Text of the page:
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Communication rehabilitation should include caregivers

Health care professionals should look at the whole family and use an individualized treatment plan for stroke victims with diminished communication abilities, says Barbara Shadden, professor of communication disorders.

“What’s missing in treatment is taking the temperature of the family system on a regular basis,” said Shadden.

Shadden studies aphasia, a brain-generated defect in understanding and using language that often occurs in stroke victims. She runs the university’s program in communication disorders and has led a support group for stroke victims for the past 20 years.

She has noted that the sociological and psychological challenges for aphasic people and their families often take a back seat to other considerations.

“If you have a stroke, the doctor’s trying to help you live. The therapist is trying to help you to walk, to speak,” Shadden said. “No one is saying, ‘Where’s the spouse, where are the kids?'”

Traditionally, speech and language therapists treat the brain-damaged language behavior, but that doesn’t always help aphasic patients learn to re-adjust to life after a stroke or cope with their illness.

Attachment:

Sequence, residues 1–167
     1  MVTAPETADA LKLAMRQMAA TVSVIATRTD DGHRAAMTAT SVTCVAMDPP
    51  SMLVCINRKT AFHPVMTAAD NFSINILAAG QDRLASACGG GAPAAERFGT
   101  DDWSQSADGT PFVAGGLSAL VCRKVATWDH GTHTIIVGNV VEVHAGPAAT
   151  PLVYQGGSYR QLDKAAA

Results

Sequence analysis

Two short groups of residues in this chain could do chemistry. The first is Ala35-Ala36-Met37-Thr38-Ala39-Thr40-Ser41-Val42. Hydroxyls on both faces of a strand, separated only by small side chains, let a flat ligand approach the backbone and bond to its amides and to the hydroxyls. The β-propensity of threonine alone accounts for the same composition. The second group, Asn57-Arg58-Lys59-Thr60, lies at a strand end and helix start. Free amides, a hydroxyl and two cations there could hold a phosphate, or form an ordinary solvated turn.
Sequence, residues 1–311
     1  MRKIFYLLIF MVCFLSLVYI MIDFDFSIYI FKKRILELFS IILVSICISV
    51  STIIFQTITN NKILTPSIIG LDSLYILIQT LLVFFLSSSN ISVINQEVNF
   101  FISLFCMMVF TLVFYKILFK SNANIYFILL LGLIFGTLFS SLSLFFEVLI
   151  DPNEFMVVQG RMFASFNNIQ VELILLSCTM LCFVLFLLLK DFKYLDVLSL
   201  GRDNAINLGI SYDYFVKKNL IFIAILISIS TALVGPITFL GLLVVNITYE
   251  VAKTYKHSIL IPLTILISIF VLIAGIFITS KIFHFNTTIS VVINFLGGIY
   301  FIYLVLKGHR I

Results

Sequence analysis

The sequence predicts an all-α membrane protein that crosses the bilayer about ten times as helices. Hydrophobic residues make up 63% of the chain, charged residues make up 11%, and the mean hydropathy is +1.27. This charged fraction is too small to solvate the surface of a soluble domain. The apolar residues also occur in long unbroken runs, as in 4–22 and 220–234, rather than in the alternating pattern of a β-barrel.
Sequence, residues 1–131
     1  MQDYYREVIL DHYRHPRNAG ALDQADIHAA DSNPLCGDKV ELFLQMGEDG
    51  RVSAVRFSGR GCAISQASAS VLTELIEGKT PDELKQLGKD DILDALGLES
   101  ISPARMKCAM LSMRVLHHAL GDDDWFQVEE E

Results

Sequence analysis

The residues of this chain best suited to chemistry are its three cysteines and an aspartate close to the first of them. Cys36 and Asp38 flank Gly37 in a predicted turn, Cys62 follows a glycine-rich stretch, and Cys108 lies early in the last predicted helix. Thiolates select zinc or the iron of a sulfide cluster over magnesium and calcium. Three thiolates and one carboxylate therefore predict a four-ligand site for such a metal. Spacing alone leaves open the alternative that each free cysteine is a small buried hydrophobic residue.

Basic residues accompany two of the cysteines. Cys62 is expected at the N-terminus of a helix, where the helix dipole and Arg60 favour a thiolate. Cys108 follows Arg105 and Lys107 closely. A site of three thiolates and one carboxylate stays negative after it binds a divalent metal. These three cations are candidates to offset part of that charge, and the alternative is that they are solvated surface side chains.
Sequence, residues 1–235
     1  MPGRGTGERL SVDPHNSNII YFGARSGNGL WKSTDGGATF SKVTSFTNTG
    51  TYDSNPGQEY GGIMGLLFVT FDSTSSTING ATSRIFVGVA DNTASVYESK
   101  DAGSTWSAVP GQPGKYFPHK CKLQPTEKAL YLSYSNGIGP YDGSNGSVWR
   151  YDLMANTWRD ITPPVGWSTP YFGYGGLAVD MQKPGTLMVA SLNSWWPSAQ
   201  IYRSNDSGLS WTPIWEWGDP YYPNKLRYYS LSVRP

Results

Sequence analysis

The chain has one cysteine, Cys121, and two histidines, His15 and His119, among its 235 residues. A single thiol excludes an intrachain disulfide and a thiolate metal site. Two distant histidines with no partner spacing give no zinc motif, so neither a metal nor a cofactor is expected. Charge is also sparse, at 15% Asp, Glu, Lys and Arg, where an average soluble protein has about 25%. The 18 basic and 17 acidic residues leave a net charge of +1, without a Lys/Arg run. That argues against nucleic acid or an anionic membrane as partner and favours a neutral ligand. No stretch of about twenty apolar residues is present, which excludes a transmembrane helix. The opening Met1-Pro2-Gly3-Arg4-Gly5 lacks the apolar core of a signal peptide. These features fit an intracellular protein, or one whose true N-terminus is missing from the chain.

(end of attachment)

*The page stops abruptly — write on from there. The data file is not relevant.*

“Ideally, for intervention in cases like these, you would like to have a team,” Shadden said.

Unfortunately, health care is headed in the opposite direction — emphasizing efficiency, economy and functionality. That may result in visits that treat patients generically instead of individually.

“The bottom line is that our models of aphasia must be as comprehensive as possible, even if the complexity of the model is uncomfortable,” Shadden concludes. “We must consider all players affected by aphasia, standing back from our mission as patient advocate long enough to recognize that more than one set of needs must be addressed.”

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